As further time elapsed from the beginning of creation, more detail was required to keep the unsteady mind of the human being focused on the task at hand, that of becoming Krishna conscious. One who is fully cognizant of the Lord’s features, His supreme nature, and His position as the best friend of the living entities does not, upon exiting their body, take birth in the phenomenal world again. Rather, they return immediately to the spiritual sky, where the association of the primary object of thought, the entity that the human being was trying to think about at all times, is found and is never to be lost again. The Puranas, or accounts of historical incidents pertaining to God and His various pastimes, came into being as a supplement to the Vedas. The only purpose of the Puranas is to enhance one’s attachment to God, i.e. to increase Krishna consciousness.
The sages residing in the forests during the Treta Yuga were doubly benefitted because not only could they seek refuge in quiet surroundings to practice their sacrifices and austerity, but they were also gifted with the darshana of the Supreme Lord. God created this world after all, so He is more than free to make appearances in it every now and then. Since He is self-satisfied, or atmarama, there is no driving force to Krishna’s appearances and disappearances other than His ultimate, undisputed, uninhibited and fully-fixed property of free will. On the surface, the appearance of Lord Rama, the sight for the sore eyes of the sages in the forest, seemed to be caused by the harassment endured by the saintly class at the hands of the Rakshasas.
On the one side you have the humble rishis looking for perfection in spiritual life, and on the other you have the lowest among mankind, those who steadily drift further and further away from the original source of knowledge, heat, and light: Shri Krishna. With a life already dedicated to meat eating, wine drinking, and illicit sex, the Rakshasas living in Lanka had no reason to bother the kind sages who renounced everything in favor of forest life. But sinful life is considered detrimental for a reason. Not only does it fail to bring any tangible benefit, but sinful behavior also further shrouds one in ignorance. Because of their lack of knowledge, the Rakshasas were deluded into thinking that the sages were their enemies, as religious life is always the greatest threat to the sinful.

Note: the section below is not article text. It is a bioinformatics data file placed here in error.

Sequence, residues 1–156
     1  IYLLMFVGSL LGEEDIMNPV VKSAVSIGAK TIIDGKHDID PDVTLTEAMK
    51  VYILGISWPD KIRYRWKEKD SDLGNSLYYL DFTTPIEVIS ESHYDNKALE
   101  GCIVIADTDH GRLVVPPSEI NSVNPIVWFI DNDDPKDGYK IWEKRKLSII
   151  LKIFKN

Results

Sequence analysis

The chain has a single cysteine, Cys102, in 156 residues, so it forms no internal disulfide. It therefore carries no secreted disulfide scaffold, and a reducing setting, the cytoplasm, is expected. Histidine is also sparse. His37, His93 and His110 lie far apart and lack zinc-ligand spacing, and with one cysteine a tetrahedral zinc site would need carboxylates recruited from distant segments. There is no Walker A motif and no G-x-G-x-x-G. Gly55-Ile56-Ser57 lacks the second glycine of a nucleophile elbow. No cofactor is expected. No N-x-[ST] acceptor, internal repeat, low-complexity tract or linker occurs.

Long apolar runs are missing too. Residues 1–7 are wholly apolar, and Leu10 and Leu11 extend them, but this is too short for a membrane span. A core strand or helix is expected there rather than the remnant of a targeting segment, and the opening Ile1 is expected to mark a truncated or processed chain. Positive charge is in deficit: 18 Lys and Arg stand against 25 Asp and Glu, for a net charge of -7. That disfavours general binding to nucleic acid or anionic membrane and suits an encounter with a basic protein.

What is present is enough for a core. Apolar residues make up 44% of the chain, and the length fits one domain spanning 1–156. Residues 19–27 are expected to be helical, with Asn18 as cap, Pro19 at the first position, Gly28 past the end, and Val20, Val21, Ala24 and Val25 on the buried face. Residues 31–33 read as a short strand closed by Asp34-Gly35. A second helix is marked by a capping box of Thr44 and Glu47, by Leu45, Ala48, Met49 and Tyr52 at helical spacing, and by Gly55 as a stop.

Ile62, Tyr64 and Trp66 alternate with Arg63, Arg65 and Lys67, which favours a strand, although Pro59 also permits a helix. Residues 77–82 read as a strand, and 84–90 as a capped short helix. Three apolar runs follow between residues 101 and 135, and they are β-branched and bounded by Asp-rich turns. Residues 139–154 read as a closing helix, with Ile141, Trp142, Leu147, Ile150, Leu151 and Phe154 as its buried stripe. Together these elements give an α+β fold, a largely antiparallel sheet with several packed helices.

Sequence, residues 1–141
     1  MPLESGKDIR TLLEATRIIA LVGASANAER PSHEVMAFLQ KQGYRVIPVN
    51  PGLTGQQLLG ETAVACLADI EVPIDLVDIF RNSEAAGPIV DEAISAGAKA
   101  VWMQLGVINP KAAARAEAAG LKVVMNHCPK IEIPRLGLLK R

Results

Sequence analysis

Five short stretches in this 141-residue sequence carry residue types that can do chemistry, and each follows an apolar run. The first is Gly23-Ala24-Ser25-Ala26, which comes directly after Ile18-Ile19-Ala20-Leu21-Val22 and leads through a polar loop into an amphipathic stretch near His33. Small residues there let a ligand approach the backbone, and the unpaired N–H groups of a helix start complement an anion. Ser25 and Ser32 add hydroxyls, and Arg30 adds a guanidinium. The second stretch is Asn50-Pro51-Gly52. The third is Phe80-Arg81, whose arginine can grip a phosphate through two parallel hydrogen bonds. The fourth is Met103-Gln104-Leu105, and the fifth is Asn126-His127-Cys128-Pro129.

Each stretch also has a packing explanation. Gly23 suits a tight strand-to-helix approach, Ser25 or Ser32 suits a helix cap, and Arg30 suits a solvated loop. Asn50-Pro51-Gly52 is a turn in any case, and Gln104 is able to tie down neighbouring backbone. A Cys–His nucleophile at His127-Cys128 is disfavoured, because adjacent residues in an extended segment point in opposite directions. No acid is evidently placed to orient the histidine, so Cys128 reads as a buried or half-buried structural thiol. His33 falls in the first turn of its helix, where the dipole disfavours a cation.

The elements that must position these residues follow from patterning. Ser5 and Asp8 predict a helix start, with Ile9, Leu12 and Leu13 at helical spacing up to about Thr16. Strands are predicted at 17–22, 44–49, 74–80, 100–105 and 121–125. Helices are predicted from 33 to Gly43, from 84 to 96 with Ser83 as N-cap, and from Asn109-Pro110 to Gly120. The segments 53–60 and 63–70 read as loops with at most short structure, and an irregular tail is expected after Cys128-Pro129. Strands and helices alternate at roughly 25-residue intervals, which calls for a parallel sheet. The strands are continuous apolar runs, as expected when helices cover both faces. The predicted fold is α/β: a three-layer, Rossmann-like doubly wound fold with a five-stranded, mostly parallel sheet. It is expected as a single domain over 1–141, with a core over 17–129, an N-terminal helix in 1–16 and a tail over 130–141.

It is certainly interesting to note the difference in behavior between those who are in knowledge and those who aren’t. For one who is connected with the ultimate source of information, the Supreme Lord and His scriptures, the Vedas, there is nothing that can convince them otherwise of their belief system. This means that a devotee, a bhakta of Krishna, will remain steadfast on the path towards eternal spiritual life, devotional service, without any deviation. Regardless of what others may say, good or bad, in favor or against, the devotee continues his practice. Even if one hundred percent of the world’s population were to go against the regulative principles of freedom that constitute bhakti, the devotee would still continue their practice.
The demon, however, is so unconvinced of the validity of their sinful way of life, one that fails to bring any lasting pleasure, that if they simply hear a competing philosophy, one which derides the practice of attachment to sense gratification, they will immediately feel threatened. Evidence of this fact is seen today in the behavior of those who are offended at the very mention of the word “God” in public. “How dare you impose your religion on me?” Those wanting to pray in public or thank God for His benedictions certainly aren’t imposing any belief system on anyone else. Yet the miscreants feel threatened at the mere mention of spirituality. This further proves that they are not confident of their mentally concocted systems of maintenance which call for lying, cheating and stealing to gain whatever you need or desire.
The Rakshasas couldn’t stand the sages performing rituals in favor of the enjoyer of all sacrifice, Yajneshvara [Krishna], so they decided to attack. The demons would wait until the dead of night when the sages couldn’t properly recognize them for who they were. The ogres would also strike at the opportune moments, just when a sacrifice was about to be performed. Taking to different shapes at will, the demons would pounce when the rishis were most vulnerable. Not surprisingly, the rishis were helpless, as they didn’t want to waste their accumulated spiritual merits on cursing the Rakshasas in retaliation. Fortunately, Shri Rama, the warrior prince incarnation of God, came to the rescue to save the sages. He and His younger brother Lakshmana dispatched thousands of demons to the abode of Yamaraja, the god of death. Seeing his army depleted, the Rakshasa king, Ravana, decided to retaliate by hatching up a plot to take Rama’s wife Sita Devi.
With the plot successfully executed, Sita remained a captive on Ravana’s island kingdom of Lanka. What Ravana didn’t know was that Rama had subsequently joined forces with the monkey-king Sugriva living in the Kishkindha forest. The king’s chief emissary and servant was Shri Hanuman, who was capable of singlehandedly destroying Ravana and his entire clan. Hanuman’s assigned mission was more basic: find Sita. Since the daughter of King Janaka would be in a precarious situation and hesitant to trust others, Rama gave Hanuman His ring to present to Sita. In this way the mother of the universe, the goddess of fortune, would be convinced that Hanuman, who was in the form of a monkey, was indeed fighting for the good guys.